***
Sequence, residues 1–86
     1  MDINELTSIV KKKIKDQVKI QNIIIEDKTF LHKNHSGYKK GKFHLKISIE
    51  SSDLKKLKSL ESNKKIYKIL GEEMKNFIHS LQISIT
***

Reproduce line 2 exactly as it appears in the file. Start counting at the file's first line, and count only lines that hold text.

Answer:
     1  MDINELTSIV KKKIKDQVKI QNIIIEDKTF LHKNHSGYKK GKFHLKISIE